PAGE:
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I’ve explained elsewhere that deep attraction comes when you give a reader the feeling of being drawn into an emptiness or gap or loss or void desired by a character he or she can recognise. From that definition, we get three elements of deep attraction- recognition, mystery, and emptiness.

If you can hit all three of these in a plot, you will find that a really strong and deep attraction comes naturally. You'll find that, so long as you stay confidently focused on losses, unknowns and mysteries and your characters remain recognisable, the readers’ desire for your story will grow. Readers will thrill when something good happens, respond when you want them to, be passionate about your chapters or scenes and be excited when you move your plot further along. And when you lack any of these elements, you'll see things start to fizzle.

Recognition is the first step in creating deep attraction, although it's often overlooked. It's also the part that makes the biggest difference in a plot. When you first communicate to readers, you need to ensure that that your language and opening scenes don't make them feel alienated from the text. Recognition is crucial. If you look at as many stories as I do, you'll see plenty of opening scenes which look unrecognisable. These are the sentences which attempt to invade readers’ personal spaces, as if the writer is trying to force readers to engage with the plot. Most importantly, their language and style doesn't relate to anything we know, and we instinctively don't trust them as a result.

‘Ah,’ you might be thinking, ‘but there are plenty of stories which begin in a shocking way, startling you or throwing you off-balance! How does that relate to Recognition?’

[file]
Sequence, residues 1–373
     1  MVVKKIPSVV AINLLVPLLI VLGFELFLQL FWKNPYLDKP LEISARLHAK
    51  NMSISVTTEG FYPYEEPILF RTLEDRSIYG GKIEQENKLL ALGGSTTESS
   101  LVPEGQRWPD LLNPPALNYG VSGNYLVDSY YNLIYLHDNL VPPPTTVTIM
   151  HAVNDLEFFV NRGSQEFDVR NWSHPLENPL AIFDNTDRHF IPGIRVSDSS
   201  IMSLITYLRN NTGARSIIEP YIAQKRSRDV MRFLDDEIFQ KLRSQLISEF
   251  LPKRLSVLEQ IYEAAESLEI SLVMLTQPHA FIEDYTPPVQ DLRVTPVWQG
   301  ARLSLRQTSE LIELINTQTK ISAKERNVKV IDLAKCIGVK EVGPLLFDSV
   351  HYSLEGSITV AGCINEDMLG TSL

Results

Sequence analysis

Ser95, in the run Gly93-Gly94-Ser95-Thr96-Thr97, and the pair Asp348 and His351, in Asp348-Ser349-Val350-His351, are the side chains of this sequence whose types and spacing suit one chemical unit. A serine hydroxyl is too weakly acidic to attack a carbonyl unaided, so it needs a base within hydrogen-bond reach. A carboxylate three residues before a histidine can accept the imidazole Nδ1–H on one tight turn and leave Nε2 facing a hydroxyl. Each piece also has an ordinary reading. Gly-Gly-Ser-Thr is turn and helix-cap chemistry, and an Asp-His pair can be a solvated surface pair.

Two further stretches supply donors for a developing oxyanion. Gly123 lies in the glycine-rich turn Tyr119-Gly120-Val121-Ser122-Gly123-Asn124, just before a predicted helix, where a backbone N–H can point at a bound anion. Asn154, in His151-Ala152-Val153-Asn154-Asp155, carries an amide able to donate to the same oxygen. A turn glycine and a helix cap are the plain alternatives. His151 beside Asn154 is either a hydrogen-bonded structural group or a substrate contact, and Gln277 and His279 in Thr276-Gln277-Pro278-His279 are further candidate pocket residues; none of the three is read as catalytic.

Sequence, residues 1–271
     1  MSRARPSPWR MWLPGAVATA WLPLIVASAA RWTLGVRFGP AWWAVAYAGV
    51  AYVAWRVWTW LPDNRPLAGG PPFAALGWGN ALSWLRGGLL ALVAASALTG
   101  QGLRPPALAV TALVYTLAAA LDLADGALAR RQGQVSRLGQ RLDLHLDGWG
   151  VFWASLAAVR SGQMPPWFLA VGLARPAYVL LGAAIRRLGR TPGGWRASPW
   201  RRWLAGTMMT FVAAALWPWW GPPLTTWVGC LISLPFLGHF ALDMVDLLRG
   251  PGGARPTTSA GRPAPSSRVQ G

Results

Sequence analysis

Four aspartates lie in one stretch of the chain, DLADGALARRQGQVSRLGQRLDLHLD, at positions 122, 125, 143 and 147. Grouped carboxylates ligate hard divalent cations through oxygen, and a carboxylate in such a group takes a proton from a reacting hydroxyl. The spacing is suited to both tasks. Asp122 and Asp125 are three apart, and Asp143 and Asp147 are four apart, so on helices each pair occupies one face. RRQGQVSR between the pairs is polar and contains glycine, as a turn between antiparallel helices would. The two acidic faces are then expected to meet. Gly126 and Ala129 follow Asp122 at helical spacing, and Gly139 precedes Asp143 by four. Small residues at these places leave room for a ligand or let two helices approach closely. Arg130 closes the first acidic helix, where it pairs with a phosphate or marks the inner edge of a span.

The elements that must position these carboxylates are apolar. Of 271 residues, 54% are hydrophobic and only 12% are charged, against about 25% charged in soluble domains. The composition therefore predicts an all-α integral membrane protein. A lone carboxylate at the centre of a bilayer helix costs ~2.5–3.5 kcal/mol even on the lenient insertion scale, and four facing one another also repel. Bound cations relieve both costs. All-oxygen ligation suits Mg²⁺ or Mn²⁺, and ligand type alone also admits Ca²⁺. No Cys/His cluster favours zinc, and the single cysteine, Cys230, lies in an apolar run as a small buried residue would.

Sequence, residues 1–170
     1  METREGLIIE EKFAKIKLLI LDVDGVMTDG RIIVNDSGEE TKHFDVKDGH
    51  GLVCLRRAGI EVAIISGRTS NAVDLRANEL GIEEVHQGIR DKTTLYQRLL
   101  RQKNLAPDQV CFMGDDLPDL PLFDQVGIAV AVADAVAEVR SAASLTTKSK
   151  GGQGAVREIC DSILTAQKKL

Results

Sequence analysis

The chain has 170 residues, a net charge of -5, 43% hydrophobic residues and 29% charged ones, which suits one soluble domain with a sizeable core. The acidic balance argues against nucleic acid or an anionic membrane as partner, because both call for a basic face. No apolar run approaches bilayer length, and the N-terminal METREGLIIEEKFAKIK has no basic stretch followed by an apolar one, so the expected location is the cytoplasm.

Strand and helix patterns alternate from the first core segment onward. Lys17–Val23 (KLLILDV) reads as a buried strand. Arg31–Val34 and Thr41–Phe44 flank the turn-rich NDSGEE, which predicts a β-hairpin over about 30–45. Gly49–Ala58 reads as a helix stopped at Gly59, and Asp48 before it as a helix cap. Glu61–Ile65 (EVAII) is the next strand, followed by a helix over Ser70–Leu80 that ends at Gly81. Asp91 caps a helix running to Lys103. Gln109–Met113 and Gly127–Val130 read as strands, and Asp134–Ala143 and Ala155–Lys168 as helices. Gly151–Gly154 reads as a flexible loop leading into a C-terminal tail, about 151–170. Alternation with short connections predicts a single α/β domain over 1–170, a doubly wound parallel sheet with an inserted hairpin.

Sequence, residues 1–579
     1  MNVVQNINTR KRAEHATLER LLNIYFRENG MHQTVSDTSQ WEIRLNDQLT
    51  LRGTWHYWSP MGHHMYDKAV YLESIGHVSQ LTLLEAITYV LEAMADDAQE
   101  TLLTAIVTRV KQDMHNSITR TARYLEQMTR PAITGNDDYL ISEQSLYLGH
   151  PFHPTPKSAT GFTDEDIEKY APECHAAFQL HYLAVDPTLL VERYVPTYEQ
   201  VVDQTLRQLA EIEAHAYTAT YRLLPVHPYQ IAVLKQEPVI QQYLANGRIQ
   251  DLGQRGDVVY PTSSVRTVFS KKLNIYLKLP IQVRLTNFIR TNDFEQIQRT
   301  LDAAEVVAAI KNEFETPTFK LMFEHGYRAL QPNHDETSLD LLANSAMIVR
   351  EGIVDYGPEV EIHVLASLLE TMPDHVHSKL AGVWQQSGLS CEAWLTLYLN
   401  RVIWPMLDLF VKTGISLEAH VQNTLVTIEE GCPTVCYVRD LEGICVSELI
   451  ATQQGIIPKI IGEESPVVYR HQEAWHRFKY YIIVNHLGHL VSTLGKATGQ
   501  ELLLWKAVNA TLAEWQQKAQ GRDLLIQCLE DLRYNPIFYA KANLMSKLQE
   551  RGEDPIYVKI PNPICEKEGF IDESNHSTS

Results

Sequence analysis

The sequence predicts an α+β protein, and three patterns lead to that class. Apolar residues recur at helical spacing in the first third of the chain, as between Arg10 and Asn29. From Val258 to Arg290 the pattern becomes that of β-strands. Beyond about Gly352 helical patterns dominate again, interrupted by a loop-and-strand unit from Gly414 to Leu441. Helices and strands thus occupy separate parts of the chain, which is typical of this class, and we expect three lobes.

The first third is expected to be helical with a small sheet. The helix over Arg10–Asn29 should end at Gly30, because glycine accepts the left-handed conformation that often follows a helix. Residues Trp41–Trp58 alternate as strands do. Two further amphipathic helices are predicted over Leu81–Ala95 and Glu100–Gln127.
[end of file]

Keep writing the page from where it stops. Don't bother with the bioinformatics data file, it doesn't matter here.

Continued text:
Good question - but a close examination of many of these kinds of stories (and there are many) reveals that the attempts to shock or disturb rest squarely upon readers’ prior expectations of recognisability. In other words, some stories - about a quarter of stories that are normally encountered in an ordinary library - are built upon taking something recognisable and immediately distorting or twisting it in some way to create an effect. That’s fine, and there’s plenty more to be said about that, but not right now. Right now, we're talking about the bulk of stories, and more than 75% of stories don’t do this: they begin with something firmly and clearly recognisable to a target audience, and stick with it.

When you understand the importance of Recognition, and how it relates to your plot’s integrity, you will never view stories in the same way again.

Reflect on the last three movies you’ve seen or books you’ve read. How did they open? What was intentionally made recognisable to you as quickly as possible?

In today’s culture, writers aren't encouraged to be straightforward with plots. They aren't taught to be confident in presenting recognisable scenes. In fact, they're often taught to feel guilty for being straightforward, and to feel ashamed of their apparent ‘unoriginality’. But if you stick to it, you’ll find something interesting happens. Readers start to respect you as a writer on the first page. Then they start to like your story. Not because you please them, but because they have recognised something or someone.


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